- Sleeker shape
- More rear leg room
- Great available tech
- Wireless Apple CarPlay/Android Auto
- Hybrid powertrain
- Entry and exit are questions
- Top trims could be pricey
- Power specs don’t hint at sportiness, yet
The 2021 Hyundai Elantra compact sedan is hardly small anymore: It has big style, big available tech, and big range from a hybrid powertrain.
The 2021 Hyundai Elantra compact sedan goes longer in nearly every way: it casts a longer shadow compared to the outgoing sedan, it travels longer on a tank of fuel, it has a longer infotainment screen, and comes with a longer list of options.
The only thing that’s shorter? Shoppers’ attention to small cars.
Not much about the 2021 Elantra is small anymore. The updated sedan, which raided the bigger Sonata’s closet for some of its new digs, is longer, lower, and wider than the model it replaces and has more space inside for passengers. Its historic value may be enough to get buyers’ attention.
Hyundai hasn’t yet said how much it will cost when the Elantra goes on sale in late 2020, although it’s likely to hover around $20,000 for base models, including destination. The 2021 Elantra will be available in SE, SEL, and Limited trims. An Elantra Hybrid, which is new for Hyundai’s compact sedan range, will be available too, although Hyundai isn’t talking about the price for that either. The automaker is also mum on whether the Elantra GT will return for now. Stay tuned.
Style and performance
The 2021 Elantra borrows its sleek profile and longer hood from the Sonata sedan that was overhauled for 2020. The Elantra’s front bumper is closer to the front wheels, but the cowl has been pushed back by about 2 inches, which makes the low hood look longer.
Along the sides, the Elantra’s deep creases mimic the diamond shapes found in other places on the car including the grille. The low roofline is about an inch lower than the outgoing version, although Hyundai says head room isn’t compromised for passenger comfort.
Around back, the space between the rear wheels and rear bumper is longer than the outgoing model, and the low trunk is punctuated by a wide, thin strip that spans the trunk.
Inside, the wide dash and console are canted toward the driver, with grab handles in the front passenger seat that hint at a sportier Elantra.
The first powertrains detailed by Hyundai don’t necessarily deliver on that sporty innuendo, however. Most Elantras will be powered by a 2.0-liter inline-4 that makes 147 horsepower and drives the front wheels only via a continuously variable automatic transmission (CVT). That CVT simulates stepped gears like a conventional automatic transmission but will help the Elantra deliver 35 mpg combined or better on the EPA cycle, according to Hyundai.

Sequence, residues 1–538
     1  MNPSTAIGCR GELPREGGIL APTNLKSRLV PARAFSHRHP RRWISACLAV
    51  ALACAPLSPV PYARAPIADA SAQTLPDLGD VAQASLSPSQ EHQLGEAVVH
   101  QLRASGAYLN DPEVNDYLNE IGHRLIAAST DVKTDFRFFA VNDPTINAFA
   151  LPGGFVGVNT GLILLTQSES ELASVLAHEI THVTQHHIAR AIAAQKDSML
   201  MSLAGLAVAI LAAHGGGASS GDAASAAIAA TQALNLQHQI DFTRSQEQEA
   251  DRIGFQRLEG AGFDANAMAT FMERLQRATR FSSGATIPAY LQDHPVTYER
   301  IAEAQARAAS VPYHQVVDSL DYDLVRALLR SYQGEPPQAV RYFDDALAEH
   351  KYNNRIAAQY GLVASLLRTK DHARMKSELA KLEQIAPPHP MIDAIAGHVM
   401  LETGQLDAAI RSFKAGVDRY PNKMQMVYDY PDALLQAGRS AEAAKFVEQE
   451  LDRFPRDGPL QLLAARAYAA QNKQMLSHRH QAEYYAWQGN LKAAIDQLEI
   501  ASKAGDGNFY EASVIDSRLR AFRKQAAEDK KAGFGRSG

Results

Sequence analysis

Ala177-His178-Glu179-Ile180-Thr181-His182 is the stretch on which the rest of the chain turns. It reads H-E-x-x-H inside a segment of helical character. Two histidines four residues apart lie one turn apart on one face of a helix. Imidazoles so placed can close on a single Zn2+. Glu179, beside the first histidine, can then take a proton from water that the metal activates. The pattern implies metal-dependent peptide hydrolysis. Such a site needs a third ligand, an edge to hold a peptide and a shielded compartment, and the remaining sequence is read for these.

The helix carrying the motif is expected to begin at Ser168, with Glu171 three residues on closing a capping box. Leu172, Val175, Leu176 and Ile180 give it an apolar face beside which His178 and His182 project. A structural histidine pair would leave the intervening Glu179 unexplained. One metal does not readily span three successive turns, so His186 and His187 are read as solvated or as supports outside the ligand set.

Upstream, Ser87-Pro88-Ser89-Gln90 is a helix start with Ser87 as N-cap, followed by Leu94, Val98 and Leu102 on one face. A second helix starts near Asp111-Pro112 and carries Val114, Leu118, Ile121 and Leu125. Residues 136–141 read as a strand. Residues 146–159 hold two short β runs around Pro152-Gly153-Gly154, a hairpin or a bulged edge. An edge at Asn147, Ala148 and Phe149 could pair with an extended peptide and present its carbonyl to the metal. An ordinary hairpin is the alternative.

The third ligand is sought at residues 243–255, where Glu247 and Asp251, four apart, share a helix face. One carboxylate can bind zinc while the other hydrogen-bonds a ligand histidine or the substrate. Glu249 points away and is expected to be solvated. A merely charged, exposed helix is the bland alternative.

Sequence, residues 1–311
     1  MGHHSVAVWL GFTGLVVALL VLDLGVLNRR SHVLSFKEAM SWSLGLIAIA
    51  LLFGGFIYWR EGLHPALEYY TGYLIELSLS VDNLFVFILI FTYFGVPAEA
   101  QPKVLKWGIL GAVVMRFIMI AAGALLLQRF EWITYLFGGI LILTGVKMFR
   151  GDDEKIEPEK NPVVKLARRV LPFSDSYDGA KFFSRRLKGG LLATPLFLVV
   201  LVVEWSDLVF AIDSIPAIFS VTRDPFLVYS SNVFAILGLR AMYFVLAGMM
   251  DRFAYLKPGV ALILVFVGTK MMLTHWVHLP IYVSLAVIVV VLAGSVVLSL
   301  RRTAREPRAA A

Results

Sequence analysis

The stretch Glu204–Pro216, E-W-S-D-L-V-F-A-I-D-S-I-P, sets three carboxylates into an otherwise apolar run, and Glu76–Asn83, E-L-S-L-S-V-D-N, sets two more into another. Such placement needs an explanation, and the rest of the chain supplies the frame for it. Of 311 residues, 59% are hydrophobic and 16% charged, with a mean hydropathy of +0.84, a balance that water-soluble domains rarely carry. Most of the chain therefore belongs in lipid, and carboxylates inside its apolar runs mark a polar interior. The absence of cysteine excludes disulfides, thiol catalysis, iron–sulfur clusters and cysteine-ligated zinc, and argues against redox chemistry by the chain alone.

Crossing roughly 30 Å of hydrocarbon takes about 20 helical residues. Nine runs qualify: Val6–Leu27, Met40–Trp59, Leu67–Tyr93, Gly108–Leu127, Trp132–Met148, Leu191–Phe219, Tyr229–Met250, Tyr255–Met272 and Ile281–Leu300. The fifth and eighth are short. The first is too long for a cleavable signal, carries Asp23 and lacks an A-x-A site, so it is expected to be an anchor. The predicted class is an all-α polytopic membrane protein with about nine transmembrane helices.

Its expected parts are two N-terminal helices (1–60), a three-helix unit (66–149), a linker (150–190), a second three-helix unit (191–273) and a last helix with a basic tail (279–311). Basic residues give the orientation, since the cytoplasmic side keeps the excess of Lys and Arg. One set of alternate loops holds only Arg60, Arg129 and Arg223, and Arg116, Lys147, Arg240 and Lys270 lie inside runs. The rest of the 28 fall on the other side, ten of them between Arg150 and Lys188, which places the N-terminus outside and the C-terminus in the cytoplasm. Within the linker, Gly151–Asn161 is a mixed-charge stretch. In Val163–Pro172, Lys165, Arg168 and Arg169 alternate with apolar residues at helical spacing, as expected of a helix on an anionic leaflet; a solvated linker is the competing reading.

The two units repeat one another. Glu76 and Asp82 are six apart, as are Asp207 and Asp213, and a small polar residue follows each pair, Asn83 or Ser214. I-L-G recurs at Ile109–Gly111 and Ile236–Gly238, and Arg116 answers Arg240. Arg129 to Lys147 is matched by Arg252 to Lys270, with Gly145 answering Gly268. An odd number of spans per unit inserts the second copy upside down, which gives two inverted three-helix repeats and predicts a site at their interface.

The new Elantra Hybrid relies on a 1.6-liter inline-4 and an electric motor to make 139 hp and drive the front wheels via a 6-speed dual-clutch automatic transmission. Hyundai says the electric motor is powered by a 1.3-kwh lithium-ion battery and can travel short distances on electricity alone at low speeds. The combination should return more than 50 mpg combined, according to Hyundai, which rivals its other hybrid-powered small car, the Hyundai Ioniq.
The Elantra rides on 15-, 16-, or 17-inch wheels, while the Elantra Hybrid promises 16-inch wheels.
Comfort, safety, and features
The new Elantra is more than 2 inches longer, 1 inch wider, and about 1 inch lower than the 2020 sedan that it replaces. Between the wheels, the 2021 Elantra spans more than 107 inches, which is about 1 inch longer than before.
Rear-seat riders get 38 inches of leg room in the Elantra, which is comparable to many sedans that are a size up from the compact Hyundai.
Hyundai says head room isn’t compromised by the Elantra’s sleeker profile, which may mean a lower seating position than before. May we suggest more yoga before the car arrives later this year?
There are 14.2 cubic feet of storage space in the trunk, which is similar to the current model’s 14.4 cubic feet. The Elantra GT was tops for versatility in the Elantra range, although we haven’t heard a word about that version in 2021.
Hyundai said the Elantra’s new structure should perform well in a crash, although official data is a ways off.
Every sedan is equipped with automatic emergency braking with pedestrian detection, active lane control, and automatic high beams. Adaptive cruise control, blind-spot monitors, and rear automatic emergency braking are available options.
Twin 10.3-inch screens that handle driver information and infotainment separately are available, but many more Elantras will be equipped with an 8.0-inch touchscreen for infotainment with wireless Apple CarPlay and Android Auto compatibility and Bluetooth connectivity. A new voice-recognition system will understand natural commands, according to Hyundai, such as “Turn on the air conditioner,” and will also connect to the internet to answer questions such as “What’s the temperature in Columbus, Ohio?”
Hyundai hasn’t yet detailed what standard equipment will be included in the Elantra beyond an 8.0-inch touchscreen, but we suspect cloth upholstery, power features, adjustable seats, and climate control are on the menu.
A wireless smartphone charger, interior ambient lighting, premium audio by Bose, and navigation are confirmed for the options list, however.
Like the Sonata, the Elantra also will offer a smartphone-based key that can unlock and start the car without a physical key.